Can You Settle Your Georgia Personal Injury Case In Installments?
Updated: Jul 14
If you have been injured in an automobile accident where you were not in fault and are pursuing a personal injury claim, you might wonder about whether you can receive compensation “as you go” for all the harms and losses you are continually incurring.
As has been discussed in other blog posts, there are ways to help offset your losses through various sources that do not involve settling your personal injury case (e.g., medical payments coverage, cash advances and using health insurance to reduce the cost of your medical bills).
But what about partially settling your personal injury case? Can that be done? The answer is yes, in certain circumstances.
In Georgia, you can settle your personal injury case subject to a “limited liability release.” What this essentially means is you agree to release the at fault party (the tortfeasor), but only to the extent of his/her particular liability policies which you are receiving settlement funds. The release should be drafted in such a way that you can still pursue any other insurance policies that could compensate you for your additional losses.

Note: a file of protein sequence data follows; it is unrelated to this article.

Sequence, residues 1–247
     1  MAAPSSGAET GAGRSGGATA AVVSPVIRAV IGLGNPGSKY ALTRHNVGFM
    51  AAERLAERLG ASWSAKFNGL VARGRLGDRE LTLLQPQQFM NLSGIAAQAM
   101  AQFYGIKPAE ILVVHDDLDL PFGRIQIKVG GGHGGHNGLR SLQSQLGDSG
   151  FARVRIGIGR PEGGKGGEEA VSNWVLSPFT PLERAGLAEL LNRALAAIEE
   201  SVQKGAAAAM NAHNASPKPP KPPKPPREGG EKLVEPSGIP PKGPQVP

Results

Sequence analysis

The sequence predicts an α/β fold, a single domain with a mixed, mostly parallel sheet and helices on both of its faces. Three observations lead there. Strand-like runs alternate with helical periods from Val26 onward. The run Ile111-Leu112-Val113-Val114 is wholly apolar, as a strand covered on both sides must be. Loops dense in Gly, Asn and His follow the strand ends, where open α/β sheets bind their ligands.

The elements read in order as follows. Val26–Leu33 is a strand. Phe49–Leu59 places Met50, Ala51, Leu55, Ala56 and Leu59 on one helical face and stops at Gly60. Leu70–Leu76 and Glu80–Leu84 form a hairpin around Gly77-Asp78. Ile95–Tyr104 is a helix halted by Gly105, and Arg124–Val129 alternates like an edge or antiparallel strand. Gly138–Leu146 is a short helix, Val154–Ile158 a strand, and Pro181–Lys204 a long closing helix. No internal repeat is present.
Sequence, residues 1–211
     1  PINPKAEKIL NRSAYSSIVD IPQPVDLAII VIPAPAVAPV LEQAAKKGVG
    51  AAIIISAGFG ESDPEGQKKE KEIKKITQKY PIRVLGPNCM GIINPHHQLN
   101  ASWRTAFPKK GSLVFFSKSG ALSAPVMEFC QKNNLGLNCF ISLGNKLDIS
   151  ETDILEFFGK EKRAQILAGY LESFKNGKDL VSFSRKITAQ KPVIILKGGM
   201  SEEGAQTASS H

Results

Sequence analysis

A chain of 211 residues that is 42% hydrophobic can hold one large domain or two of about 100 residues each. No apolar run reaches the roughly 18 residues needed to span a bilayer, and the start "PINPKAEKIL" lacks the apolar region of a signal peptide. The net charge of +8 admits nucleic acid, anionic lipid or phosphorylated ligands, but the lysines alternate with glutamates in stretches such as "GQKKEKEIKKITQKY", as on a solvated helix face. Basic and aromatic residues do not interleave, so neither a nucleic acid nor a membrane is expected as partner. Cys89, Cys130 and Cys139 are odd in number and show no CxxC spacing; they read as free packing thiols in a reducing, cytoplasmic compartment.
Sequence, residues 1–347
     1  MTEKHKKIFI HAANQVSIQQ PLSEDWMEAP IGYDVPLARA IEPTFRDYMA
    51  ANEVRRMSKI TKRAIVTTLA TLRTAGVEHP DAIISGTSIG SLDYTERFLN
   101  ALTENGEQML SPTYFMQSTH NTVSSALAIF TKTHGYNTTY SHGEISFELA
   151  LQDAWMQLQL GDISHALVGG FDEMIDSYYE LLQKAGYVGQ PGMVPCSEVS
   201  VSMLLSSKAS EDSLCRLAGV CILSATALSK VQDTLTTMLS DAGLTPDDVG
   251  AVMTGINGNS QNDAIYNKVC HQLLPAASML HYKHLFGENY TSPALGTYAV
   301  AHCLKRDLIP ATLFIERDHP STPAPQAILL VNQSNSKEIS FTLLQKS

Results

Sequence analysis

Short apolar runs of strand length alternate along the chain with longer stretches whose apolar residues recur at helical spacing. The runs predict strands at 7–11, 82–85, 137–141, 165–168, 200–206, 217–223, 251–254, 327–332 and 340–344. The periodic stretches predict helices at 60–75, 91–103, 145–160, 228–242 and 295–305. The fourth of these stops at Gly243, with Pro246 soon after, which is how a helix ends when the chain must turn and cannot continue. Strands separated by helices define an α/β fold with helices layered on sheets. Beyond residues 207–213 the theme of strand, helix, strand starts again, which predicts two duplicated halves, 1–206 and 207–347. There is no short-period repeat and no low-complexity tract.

The two most important things to know about this kind of release is (1) it is not a general release and (2) the settlement amount must be for the full amount of the liability limits.
A general release would in effect end the case in totality. The release must be drafted correctly in order to enable your case to continue. An experienced attorney will know how to draft this properly. The reason the settlement must be for the full limits of the liability policy that you would be releasing is because the statutory pre-requisite for moving onto the next layer of insurance coverage is that you exhausted the liability policy in front of it and were still not fully compensated.
In other words, if your case is only worth $35,000 and the liability policy is for $50,000, you cannot execute a limited liability release because your case is not worth the full limits of the liability policy. Whereas your $35,000 case could execute a limited liability release with a $25,000 limit policy, assuming the liability carrier agreed to its tender.
Often times I have settled cases with limited liability releases. This has enabled the client to receive ongoing compensation while still pursuing their case to its ultimate full value.